Months of planning by East Hampton Town officials to reduce helicopter noise this summer could hinge on a Monday court hearing in Central Islip.
U.S. District Court Judge Joanna Seybert is weighing whether the town's new noise regulations will go into effect Tuesday or be shelved until a lawsuit brought by the aviation industry is resolved. Seybert could issue a ruling the same day as the 10 a.m. hearing.
At issue is whether the town can legally regulate its own airport as it tries to address years of complaints from residents over air traffic between Manhattan and the Hamptons.StoryCopter companies sue over anti-noise rulesStoryBoard OKs summer flight curfews, limitsStoryBoard drops plan to ban flights to Hamptons
East Hampton passed three laws on April 16 restricting access to the town-owned East Hampton Airport: an 11 p.m. to 7 a.m. curfew for all flights; an extended 8 p.m. to 9 a.m. curfew for aircraft considered noisy; and a one-trip-per-week limit for noisy aircraft.
Helicopter companies and other aviation interests sued the town on April 21, arguing the rules are illegal because the federal government regulates the air. They asked a judge to stop the laws from going into effect while the suit is litigated.
Friends of East Hampton Airport, a coalition of helicopter operators and their allies, said in the suit that the town's laws would hurt businesses that ferry people between Manhattan and the Hamptons if they are allowed to take effect this summer.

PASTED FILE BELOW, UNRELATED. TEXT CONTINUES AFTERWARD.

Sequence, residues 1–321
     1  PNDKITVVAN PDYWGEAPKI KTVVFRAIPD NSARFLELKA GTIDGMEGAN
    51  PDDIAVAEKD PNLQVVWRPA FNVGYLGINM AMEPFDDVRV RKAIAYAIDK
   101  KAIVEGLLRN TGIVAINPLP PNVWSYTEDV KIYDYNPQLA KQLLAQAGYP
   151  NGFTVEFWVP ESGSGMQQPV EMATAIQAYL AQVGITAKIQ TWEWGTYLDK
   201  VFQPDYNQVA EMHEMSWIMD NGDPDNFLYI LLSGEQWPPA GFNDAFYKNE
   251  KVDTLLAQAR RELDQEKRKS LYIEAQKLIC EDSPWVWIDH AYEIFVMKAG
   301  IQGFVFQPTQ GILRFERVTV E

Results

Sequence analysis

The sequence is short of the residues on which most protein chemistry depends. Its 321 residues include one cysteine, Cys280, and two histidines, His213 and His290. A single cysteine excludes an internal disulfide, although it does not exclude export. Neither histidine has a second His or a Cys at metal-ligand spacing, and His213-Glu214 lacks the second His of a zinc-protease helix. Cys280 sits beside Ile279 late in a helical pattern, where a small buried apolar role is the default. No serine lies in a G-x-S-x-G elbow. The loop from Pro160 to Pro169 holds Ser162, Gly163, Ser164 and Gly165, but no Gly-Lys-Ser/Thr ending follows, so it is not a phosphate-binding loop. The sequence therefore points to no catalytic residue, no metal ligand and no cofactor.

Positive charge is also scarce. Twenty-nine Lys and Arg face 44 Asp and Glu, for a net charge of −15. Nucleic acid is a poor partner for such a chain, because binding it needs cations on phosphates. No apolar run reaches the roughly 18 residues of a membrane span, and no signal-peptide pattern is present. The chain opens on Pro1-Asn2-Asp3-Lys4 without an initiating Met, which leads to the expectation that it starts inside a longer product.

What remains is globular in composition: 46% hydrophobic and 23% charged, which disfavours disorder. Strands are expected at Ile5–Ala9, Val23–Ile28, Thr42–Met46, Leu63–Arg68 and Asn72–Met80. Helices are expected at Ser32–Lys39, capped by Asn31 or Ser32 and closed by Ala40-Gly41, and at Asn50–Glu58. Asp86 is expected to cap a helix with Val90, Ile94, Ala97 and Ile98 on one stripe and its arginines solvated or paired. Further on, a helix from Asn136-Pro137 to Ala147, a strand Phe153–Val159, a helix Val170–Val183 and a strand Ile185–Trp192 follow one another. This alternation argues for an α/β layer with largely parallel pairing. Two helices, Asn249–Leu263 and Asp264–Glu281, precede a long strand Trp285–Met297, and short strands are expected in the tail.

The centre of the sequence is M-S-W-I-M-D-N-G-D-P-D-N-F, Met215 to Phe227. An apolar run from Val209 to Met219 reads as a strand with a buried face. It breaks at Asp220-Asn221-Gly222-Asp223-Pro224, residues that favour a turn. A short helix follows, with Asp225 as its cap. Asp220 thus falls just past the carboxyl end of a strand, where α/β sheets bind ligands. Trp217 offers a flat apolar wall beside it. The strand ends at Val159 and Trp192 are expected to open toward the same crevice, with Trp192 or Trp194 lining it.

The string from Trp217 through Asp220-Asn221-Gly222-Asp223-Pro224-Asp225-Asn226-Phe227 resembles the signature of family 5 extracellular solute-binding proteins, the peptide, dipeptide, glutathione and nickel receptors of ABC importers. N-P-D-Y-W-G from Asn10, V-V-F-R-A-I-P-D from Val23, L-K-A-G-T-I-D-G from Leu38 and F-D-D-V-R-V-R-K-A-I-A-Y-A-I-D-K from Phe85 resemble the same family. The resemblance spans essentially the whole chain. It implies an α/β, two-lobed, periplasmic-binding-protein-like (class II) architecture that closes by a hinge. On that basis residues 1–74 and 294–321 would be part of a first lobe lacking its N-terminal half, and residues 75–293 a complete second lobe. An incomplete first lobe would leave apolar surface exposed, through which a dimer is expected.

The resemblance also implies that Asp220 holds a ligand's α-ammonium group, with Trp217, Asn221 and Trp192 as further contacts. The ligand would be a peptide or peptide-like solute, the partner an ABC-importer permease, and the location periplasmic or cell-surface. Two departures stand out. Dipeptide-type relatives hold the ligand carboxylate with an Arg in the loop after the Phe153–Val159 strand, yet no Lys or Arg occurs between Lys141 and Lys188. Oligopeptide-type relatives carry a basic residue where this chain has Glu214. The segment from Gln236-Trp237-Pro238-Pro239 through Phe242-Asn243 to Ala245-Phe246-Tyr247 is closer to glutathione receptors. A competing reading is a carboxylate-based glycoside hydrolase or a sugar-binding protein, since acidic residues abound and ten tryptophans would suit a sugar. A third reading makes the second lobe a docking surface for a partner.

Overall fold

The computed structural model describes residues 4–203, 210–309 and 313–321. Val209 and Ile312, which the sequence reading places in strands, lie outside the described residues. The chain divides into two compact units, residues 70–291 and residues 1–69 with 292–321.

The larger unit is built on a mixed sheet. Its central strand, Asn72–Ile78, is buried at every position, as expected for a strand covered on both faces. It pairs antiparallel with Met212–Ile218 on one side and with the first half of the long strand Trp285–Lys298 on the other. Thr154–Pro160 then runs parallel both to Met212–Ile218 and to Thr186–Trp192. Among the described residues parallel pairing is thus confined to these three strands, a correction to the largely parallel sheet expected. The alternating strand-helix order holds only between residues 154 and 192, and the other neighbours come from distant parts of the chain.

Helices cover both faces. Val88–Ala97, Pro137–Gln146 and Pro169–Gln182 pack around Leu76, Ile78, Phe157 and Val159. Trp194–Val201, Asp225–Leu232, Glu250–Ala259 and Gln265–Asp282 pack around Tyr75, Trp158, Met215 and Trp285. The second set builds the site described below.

East Hampton's lawyers argued in court papers that local governments have the power to regulate municipal airports, as long as the rules are reasonable. They said the "fears of dire losses are overstated."
Attorneys for the town said in court papers that the local laws "are necessary to protect the essential qualities of peace and quiet that are the core of what makes East Hampton and the East End of Long Island a desirable haven."
The Federal Aviation Administration surprised anti-noise activists this month by supporting the aviation industry's bid to block the regulations until the lawsuit is resolved. FAA officials believe an injunction is needed so the agency can "develop its position on the issues," Acting U.S. Attorney Kelly Currie said in a May 4 court filing.
The Quiet Skies Coalition, a group of residents supporting anti-noise laws, said in a news release that the FAA's stance is "unexpected and alarming."
"To go back to try to undo the foundation of these policies is the worst sort of big-government interference," Kathleen Cunningham, the group's chairwoman, said in the release. "And for whom? Some out-of-state helicopter companies that are unhappy that they cannot have 24/7/365 access to our community."
FAA officials told Newsday last year that East Hampton could pass "reasonable, non-arbitrary and nondiscriminatory" airport regulations, but did not comment on specific rules. Friends of East Hampton Airport sued the FAA in January in an attempt to compel the agency to fight the town's regulations.